No warning can prepare you for Hereditary. It’s a horror movie in a searing, deep, imprinting sense. It feels inescapable and suppressive. There are images here you might never forget, and there are ideas here that feel haunting and familiar. It’s the scariest movie of 2018—maybe in several years—but the feeling you have when it’s over is so profound you can’t help but think it was worth it. You might never want to see this movie again, but you’ll still, somehow, be glad you saw it. It’s a permanent experience.
Summarizing Hereditary is a tactical exercise, because to give away certain details would undermine the movie’s distinct emotional arc for the viewer, so we’ll leave it here: A reclusive old woman dies, and her family begins to experience strange happenings and behavior after her death. The movie centers on Annie, the woman’s daughter, as she wrestles with her complicated feelings for her mother, her grief and the fallout upon her family.
It’s not a lot to go on, but the horror escalates. Things move when they’re not supposed to move. The soundscape turns toward the unnatural. People speak in voices that don’t belong to them. Hereditary shows you things that don’t feel alright in the moment and don’t feel alright for days afterward. This isn’t horror via a thousand jump-scare paper cuts. This is horror via a few nightmarish stab wounds.
In that sense, you can’t escape Hereditary when you close your eyes, or hide behind your fingers. Anything short of leaving the theater keeps you inside its distinctive and nerve-fraying nightmare. Shots linger for a long, long time, enough for you to peek out from cover and see, just in time, the latest disturbing image placed with the utmost patience before your eyes. Sometimes, the camera will start with a close-up of a face, then pull back, and pull back more, to reveal something that was hiding, waiting, just out of frame. The whole movie feels unsafe, and that leaves you in a constant state of tension and suspicion. That’s when the little things—the click of a tongue, chalk moving on a blackboard—feel excruciating. The scares are at their worst when they’re preying off of your dread.
A Deeper Message
It’s meant to be that way. Hereditary is in part about trauma and the ways people look to escape or confront trauma. The characters here have choices about how to face their pain and loss, but as the viewer, you don’t. You can’t run when Hereditary is at its most tragic, and then you have to sit in all the terrible fallout of those tragedies. It feels awful, but that’s probably the point. Life can be horrifying even when the supernatural isn’t laying siege to your house.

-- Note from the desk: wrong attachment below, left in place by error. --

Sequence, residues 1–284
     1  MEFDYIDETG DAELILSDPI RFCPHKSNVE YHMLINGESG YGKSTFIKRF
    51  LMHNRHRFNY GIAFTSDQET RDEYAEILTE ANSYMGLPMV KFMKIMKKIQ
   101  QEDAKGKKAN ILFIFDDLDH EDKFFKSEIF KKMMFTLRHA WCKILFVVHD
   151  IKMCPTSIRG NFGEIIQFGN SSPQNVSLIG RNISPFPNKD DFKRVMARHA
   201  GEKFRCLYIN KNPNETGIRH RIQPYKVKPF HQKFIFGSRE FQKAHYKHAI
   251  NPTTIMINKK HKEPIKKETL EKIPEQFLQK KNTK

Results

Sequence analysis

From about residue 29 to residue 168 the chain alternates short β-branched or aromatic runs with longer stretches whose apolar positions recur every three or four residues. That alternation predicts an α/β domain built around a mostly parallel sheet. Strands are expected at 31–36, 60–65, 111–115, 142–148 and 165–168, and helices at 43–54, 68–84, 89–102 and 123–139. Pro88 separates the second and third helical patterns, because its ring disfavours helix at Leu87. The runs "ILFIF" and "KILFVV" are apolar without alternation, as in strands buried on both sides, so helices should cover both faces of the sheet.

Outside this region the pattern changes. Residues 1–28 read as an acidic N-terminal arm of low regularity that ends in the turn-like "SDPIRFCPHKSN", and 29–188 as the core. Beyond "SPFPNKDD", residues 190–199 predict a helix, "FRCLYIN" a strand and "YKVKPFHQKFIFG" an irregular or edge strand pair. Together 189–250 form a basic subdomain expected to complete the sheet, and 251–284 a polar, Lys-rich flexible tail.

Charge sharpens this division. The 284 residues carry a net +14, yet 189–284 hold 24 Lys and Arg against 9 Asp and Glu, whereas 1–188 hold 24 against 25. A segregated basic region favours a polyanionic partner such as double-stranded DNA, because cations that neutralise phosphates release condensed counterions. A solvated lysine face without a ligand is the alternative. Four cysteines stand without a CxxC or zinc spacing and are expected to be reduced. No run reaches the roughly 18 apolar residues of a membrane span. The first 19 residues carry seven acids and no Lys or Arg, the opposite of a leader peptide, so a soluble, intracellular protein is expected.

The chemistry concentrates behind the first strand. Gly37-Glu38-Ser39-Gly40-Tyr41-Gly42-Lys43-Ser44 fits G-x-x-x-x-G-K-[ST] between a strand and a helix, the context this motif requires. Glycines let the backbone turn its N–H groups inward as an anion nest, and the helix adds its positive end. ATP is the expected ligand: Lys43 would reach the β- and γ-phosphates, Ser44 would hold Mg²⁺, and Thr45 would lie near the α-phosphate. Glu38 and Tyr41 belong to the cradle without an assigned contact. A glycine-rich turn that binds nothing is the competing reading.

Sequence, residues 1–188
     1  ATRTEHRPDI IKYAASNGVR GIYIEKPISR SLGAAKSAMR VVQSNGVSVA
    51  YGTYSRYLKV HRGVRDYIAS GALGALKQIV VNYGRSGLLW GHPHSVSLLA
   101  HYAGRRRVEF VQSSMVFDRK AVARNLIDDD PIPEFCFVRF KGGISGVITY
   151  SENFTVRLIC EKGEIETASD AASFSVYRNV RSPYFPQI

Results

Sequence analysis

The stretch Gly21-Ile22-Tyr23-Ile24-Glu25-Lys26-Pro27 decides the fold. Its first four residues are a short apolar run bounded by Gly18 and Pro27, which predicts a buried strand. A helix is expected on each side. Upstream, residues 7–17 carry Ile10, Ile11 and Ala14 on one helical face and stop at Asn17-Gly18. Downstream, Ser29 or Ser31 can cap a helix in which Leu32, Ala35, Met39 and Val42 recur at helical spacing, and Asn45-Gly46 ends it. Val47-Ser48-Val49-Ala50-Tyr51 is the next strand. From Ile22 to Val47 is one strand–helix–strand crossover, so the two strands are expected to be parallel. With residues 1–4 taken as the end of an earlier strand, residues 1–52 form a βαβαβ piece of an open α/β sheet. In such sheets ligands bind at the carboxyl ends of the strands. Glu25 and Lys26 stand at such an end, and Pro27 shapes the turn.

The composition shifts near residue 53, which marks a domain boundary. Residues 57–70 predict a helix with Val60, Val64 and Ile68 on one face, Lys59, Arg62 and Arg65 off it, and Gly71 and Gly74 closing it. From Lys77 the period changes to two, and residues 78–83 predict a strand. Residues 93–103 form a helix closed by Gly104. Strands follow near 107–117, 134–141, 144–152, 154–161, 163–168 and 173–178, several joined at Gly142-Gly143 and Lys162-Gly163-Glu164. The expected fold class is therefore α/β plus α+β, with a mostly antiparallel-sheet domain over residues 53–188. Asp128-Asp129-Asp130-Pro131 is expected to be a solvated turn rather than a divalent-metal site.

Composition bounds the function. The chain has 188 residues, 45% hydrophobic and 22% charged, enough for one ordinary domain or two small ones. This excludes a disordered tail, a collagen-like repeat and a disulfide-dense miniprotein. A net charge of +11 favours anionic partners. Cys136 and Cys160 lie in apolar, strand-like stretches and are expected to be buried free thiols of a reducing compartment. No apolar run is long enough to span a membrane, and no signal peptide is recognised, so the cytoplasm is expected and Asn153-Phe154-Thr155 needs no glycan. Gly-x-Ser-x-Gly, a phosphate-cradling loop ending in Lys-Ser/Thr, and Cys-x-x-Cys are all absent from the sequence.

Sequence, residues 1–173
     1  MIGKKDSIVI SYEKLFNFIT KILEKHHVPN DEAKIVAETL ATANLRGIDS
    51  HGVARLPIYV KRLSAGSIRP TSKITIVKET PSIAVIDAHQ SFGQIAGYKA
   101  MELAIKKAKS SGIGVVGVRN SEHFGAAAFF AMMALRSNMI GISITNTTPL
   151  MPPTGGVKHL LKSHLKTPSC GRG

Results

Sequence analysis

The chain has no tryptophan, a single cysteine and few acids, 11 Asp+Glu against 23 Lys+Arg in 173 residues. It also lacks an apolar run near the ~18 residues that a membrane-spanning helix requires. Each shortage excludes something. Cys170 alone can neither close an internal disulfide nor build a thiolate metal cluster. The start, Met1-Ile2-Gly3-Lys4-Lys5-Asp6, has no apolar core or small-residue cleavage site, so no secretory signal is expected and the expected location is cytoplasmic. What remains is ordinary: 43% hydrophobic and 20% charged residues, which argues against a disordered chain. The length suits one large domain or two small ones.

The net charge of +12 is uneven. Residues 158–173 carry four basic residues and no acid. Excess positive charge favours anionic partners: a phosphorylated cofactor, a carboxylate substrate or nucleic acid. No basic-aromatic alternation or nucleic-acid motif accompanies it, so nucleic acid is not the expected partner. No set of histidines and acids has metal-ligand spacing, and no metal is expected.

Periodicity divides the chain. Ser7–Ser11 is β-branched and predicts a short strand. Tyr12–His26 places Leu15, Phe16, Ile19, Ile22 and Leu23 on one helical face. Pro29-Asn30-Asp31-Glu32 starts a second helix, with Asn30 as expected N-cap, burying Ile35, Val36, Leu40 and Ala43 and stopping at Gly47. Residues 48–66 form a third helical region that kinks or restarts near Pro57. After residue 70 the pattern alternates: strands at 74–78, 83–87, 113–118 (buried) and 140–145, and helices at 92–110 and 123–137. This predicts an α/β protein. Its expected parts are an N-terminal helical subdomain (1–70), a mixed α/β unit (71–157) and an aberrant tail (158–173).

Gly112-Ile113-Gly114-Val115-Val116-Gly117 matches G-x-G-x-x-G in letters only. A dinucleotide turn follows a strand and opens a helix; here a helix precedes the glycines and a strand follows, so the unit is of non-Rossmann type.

And our decision to either run from the pain or walk right into it has enormous consequences, positive and negative. Pain affects the way we see ourselves, and the way others see us, and in that way the web of relationships that surround everyone’s life amid trauma becomes reshaped by that trauma. In Hereditary, that web circles around a family and ensnares everyone. It doesn’t let them go, either. Not even you.
You might wish Hereditary made some room for hope—the movie’s ending won’t come as a reprieve to many viewers—but there’s value in watching the worst-case scenario play all the way out on screen.
The anger, resentment and hatred these family members have for one another amid their suffering is by no stretch a showcase of failed unity. Really, there’s a strong argument that the unflinching nature of Hereditary makes its moral lessons more enduring, because the final cut to black is resolution in story only, not emotion. That’s when you have to turn inward and, in the style of the past two hours, face your own pain.
Of course, that confrontation is not easy, but as the grief process in microcosm, how could it be? The truths we find about ourselves and our loved ones when we face down loss, tragedy or trauma are sometimes ugly and sinister, but they can be hopeful, too. We might be stronger than we thought. We might be braver than we thought. We made it.
Leaving the theater after Hereditary is almost tear-inducing in its relief. The mark of any effective horror movie is that sense of resilience, but Hereditary is distinguished because it feels like you survived a battle instead of just lasted through a storm. Because the movie operates on such a deep psychological level, you end up with a degree of ownership over the experience after making it to the end. In that way, there’s a tiny note of catharsis, or even self-discovery, at work. Hereditary is not therapy—heaven forbid—but can be formative. In itself, that’s a shock.
When Hereditary ends, you carry pieces of it with you. This is not another vapid, evil carnival ride at your local movie theater. Hereditary shoves you into a free fall toward hell, but it doesn’t abandon you there. Rather, it inspires you to find the strength inside yourself to look at its terrors, stop the fall and climb back out. In that way, it might be spiritual. In that way, it might be essential.
Tyler Daswick is a senior writer at Relevant. Follow him on Twitter @tylerdaswick.